A brief guide to common law marriage in South Carolina
Until January 2011, South Carolina used to be one of only ten states which recognized common-law marriages.
While most married couples choose to obtain a license from the state to make sure their relationship is recorded, common-law marriages in South Carolina were not formally documented.
Two qualifications had to be met in order for such a relationship to be recognized by the court.
However, South Carolina’s common law marriage has an exception if it existed as of December 31, 2010, and be able to repeal section 201360 relating to the validity of a marriage contracted without a marriage license.
Spouses were considered to be involved in a common-law marriage in South Carolina provided that:
• They consider themselves to be married and both spouses present themselves in such a fashion to friends and family
• Two spouses are eligible to be married. For example, since underage children cannot be legally married in the state, they may not enter into common-law marriages in South Carolina.
This last requirement has many implications. For example, two people who are legally married others are not involved in a common-law marriage in South Carolina even if they represent themselves to others as husband and wife.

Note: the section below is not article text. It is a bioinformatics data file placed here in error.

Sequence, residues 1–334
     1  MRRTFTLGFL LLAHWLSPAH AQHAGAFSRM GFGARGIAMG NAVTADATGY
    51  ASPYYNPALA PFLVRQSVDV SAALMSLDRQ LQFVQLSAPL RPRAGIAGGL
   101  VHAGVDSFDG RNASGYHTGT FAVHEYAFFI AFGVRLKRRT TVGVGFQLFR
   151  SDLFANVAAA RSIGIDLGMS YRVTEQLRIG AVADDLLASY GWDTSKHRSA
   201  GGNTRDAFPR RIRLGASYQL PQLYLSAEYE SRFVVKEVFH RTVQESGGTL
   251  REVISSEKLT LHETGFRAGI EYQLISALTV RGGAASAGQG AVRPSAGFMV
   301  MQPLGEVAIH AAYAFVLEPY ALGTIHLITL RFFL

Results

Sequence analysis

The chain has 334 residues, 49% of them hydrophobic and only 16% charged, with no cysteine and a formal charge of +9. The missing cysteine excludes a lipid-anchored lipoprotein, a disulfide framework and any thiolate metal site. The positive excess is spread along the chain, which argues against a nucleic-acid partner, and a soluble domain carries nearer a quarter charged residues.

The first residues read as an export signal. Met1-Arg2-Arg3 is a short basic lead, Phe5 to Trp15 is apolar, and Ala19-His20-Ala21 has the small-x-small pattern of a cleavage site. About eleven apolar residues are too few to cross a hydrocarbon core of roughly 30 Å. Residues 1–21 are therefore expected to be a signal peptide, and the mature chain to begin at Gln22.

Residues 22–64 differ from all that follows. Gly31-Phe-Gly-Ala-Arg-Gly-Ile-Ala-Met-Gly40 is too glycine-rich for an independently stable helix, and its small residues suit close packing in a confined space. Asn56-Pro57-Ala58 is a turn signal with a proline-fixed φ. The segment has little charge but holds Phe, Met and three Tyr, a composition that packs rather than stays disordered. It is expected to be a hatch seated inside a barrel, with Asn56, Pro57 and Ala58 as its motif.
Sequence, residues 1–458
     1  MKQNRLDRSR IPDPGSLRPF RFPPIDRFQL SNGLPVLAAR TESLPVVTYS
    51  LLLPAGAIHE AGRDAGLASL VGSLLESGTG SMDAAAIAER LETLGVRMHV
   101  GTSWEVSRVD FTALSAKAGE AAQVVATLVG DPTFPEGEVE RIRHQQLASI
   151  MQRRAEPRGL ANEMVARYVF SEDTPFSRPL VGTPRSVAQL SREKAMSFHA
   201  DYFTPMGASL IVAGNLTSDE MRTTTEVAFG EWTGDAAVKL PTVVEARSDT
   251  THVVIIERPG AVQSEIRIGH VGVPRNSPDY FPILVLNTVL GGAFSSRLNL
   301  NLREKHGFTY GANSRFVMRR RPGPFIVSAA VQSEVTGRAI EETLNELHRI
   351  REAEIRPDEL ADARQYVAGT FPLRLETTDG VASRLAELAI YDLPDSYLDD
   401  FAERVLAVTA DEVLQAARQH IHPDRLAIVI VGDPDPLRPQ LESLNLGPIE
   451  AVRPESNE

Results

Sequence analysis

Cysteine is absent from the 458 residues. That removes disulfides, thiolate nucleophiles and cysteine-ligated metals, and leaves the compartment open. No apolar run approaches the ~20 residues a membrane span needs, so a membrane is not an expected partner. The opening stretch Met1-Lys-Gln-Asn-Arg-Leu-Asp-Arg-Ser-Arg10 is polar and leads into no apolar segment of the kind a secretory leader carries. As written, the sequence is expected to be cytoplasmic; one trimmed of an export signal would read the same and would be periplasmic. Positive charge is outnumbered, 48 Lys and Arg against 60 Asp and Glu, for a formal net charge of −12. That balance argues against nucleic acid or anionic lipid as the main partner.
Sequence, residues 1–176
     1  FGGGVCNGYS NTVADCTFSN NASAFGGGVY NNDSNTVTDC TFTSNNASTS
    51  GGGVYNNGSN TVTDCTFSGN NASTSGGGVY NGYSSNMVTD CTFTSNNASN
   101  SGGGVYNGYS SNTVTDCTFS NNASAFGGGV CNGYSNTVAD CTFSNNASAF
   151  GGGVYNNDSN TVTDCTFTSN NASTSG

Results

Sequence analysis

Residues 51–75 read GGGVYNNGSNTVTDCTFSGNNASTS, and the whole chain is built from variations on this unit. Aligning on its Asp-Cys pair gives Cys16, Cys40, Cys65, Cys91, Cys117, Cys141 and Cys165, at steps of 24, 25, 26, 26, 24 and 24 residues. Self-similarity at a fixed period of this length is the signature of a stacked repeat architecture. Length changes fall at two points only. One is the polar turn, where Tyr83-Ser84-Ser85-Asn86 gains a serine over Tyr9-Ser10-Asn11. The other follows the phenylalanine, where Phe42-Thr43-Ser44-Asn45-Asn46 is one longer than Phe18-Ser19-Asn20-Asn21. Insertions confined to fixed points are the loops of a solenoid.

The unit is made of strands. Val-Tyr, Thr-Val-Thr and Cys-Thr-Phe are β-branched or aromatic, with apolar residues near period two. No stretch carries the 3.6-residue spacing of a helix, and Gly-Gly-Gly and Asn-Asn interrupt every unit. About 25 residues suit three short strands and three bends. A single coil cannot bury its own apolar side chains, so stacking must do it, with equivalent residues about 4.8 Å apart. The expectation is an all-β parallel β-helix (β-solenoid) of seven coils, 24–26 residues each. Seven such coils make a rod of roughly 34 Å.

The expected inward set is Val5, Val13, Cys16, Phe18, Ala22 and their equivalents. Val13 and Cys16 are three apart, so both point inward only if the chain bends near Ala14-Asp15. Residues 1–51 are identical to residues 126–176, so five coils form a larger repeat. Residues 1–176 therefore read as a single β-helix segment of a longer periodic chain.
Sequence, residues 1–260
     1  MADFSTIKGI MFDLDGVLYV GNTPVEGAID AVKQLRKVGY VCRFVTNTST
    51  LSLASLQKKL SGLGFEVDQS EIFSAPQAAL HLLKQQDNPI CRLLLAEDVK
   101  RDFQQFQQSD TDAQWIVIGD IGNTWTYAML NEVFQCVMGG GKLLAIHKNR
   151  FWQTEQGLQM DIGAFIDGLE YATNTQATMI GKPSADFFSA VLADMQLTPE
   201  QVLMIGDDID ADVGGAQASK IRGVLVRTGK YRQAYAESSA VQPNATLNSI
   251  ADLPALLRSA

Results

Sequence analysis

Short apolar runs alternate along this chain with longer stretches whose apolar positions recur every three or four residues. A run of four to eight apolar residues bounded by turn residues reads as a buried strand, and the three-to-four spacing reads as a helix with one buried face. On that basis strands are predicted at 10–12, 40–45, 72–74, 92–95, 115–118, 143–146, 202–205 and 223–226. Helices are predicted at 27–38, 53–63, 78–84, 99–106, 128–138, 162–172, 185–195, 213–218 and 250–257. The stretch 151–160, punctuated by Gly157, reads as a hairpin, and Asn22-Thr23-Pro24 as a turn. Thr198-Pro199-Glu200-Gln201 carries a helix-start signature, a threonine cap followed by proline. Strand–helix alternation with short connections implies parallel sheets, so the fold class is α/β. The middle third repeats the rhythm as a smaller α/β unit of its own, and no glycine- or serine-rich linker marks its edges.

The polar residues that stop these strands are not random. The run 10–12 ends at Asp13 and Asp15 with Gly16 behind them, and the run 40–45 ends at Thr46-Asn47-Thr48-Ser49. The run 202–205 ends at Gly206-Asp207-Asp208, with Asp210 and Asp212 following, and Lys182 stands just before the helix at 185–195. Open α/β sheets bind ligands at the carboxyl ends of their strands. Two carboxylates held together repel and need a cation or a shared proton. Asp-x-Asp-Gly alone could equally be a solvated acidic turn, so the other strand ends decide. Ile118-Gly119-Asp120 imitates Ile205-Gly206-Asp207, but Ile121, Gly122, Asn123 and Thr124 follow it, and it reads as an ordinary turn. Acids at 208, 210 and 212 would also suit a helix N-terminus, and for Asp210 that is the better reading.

Even if they are divorced from their partners at a later time, this will not mean that their past cohabitation qualifies them for this kind of status. South Carolina law on marriage requires both spouses to affirm their new relationship after they have separated from previous partners.
There are many ways in which such a relationship can be established. People who are involved in a common-law marriage in South Carolina may take their partner’s last name as their own, file joint tax returns, and otherwise establish their relationship.
This kind of proof will be crucial if spouses decide to divorce. Ending common-law marriages in South Carolina through the legal system can be difficult if it cannot be established that a couple was involved in this kind of relationship.
When seeking this kind of divorce, establishing that such a relationship existed will be a necessary prerequisite to petitioning for alimony payments, arranging child custody, and managing other such issues.
Witnesses may be called in to testify that both partners presented themselves as being partners in a common-law marriage in South Carolina. Furthermore, someone who enters into this kind of relationship cannot enter into another similar partnership without formally divorcing. Failure to legally terminate common-law marriages in South Carolina can be grounds for charges of bigamy.
It is important for any spouses involved in such a relationship to create a will documenting their wishes regarding the division of their property in the event of their death.
This will help to ensure that if you wish for your partner in a common-law marriage in South Carolina to receive part or all of your estate they will be legally entitled to do so. Failure to take this step may require your spouse to go to probate court to establish their claim to your assets.
This will require an heir to establish that their common law marriage in South Carolina was legally valid.